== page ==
We tend to measure success in life based on how much we have achieved, how much money we make and accumulate, the education we acquire, the house we live in, cars we drive, and clothes we wear. Alongside the external measures of success, we have the more primal aspect of survival to contend with, especially as we age. So when very successful people like Steve Jobs and Candace Pert get sick and do not reach life expectancy, what does it teach us? Is it genetics or a hard-driven personality burning itself out? Who can say?

From what I have observed over the years, congestive heart failure has a gradual onset spanning a period of about ten years. The early symptoms present with swelling of the ankles, a persistent cough, and shortness of breath on exertion. Gradually the heart becomes enlarged as it struggles to pump blood throughout the body. Over time, the lower legs and abdomen swell and the person begins to experience shortness of breath while at rest.

The symptoms associated with CHF cannot be ignored or denied. Given the fact Candace Pert was sixty-seven when she died, it means (hypothetically) she would have had symptoms for a good ten years. Since she was writing and lecturing about the mind body connection, why was she unable to reverse her own morbidity when she began to experience symptoms of heart failure? Surely it was not due to a lack of knowledge on her part.

I think what can be extrapolated from her work and early death is that the emotions and spirit are much more complex than we can fully comprehend. Every single type of addiction known to man can bypass our knowledge and common sense for unknown reasons. We tend to think of addictions as being drug or alcohol related, but there are hundreds of different kinds of addictive behaviours. Our psyche will switch from one to another with hardly a twitch of awareness. The onset of symptoms with the capacity to adversely affect our health, means we need to take some drastic measures to change the direction we are headed. It is a call for action and change.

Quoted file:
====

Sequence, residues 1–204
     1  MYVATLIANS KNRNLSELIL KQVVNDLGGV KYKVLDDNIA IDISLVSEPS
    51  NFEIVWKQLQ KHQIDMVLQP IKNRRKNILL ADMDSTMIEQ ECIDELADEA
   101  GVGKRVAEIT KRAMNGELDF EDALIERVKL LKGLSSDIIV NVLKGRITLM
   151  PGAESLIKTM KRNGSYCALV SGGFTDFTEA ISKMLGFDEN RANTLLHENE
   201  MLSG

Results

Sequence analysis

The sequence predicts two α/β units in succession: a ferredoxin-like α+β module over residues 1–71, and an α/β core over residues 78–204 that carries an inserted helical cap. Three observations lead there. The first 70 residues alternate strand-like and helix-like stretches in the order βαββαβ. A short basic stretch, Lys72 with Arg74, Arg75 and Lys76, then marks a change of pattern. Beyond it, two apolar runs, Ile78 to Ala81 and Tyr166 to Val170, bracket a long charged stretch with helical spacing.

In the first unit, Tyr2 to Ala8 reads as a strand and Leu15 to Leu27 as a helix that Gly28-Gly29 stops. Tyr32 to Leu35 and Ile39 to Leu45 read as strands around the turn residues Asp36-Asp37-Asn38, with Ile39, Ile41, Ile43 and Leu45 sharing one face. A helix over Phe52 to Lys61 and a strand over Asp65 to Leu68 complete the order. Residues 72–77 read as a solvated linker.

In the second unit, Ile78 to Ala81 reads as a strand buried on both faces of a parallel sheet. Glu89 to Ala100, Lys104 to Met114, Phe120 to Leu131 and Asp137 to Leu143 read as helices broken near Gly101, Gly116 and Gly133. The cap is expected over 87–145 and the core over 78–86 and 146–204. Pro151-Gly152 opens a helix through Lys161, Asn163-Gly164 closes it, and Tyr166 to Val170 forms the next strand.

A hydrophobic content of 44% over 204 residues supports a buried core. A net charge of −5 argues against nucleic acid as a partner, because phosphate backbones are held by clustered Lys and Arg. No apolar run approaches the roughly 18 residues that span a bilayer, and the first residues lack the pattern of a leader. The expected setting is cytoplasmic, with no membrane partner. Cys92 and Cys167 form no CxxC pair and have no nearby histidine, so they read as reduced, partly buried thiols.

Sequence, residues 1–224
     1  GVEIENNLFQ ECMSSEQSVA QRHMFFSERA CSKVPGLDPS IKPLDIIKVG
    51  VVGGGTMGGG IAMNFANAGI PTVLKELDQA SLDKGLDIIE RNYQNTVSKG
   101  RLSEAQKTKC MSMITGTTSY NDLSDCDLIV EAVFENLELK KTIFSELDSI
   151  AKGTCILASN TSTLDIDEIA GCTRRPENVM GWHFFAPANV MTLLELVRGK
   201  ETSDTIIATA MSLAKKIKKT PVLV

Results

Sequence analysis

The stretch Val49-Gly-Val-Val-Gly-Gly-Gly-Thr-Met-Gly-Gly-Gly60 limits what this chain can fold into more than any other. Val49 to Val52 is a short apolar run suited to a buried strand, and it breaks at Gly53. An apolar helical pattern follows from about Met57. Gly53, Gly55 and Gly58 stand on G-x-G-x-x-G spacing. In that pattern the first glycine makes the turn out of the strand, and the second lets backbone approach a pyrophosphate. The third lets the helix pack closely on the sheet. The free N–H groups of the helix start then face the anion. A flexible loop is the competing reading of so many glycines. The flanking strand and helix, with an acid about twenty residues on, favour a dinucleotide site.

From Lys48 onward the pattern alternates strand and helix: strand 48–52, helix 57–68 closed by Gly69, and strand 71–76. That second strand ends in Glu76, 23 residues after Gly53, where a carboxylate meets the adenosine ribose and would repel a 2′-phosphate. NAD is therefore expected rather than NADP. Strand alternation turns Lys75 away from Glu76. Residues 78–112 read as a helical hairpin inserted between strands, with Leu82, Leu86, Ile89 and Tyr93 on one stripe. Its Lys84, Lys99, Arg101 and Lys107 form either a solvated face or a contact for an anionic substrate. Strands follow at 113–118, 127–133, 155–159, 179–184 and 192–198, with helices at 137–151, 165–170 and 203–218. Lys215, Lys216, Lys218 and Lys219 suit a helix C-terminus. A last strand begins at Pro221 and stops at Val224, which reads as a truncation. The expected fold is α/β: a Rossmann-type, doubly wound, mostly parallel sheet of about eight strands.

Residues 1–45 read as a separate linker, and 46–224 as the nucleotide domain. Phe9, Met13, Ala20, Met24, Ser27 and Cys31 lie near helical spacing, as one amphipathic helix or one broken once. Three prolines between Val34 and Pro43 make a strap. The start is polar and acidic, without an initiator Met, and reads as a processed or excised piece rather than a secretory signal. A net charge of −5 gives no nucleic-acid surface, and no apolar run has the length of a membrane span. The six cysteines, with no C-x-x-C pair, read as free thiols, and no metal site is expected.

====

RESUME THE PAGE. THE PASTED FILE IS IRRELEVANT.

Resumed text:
Knowledge alone cannot save us. Whether it is diabetic teaching or education about tobacco – we all know the drill. Every smoker knows smoking is bad for the health. Every jogger who dons a track suit and heads out in the pouring rain knows this discipline is going to add energy and vitality to his or her life. Some people look piously upon the person swilling a can of Coke and turn toward some other insidiously destructive substance. Others do everything right, from activity to food choices – yet they can still end up with cancer or some other serious illness.

To further muddy the waters – we can research every topic under the sun on the Internet now. The problem is there is so much knowledge and information out there now it makes it difficult to filter out all the misinformation. You can read oppositional arguments to every health related topic. Various health gurus are telling us to avoid things like tomatoes, grains, and beans, when common sense would tell us these are not the real culprits. Should you, or should you not take vitamin D, calcium, probiotics, supplements of all kinds, and various strange sounding tinctures and extracts?

Candace Pert was obviously a disciplined academic researcher who acknowledged the connection between mind, emotions and physicality, yet that academic discipline did not transfer very well to fitness and weight loss in her own life, even after she developed symptoms that were certain to shorten her life. Something deep down inside hindered the cognitive connection to take immediate action. What was it?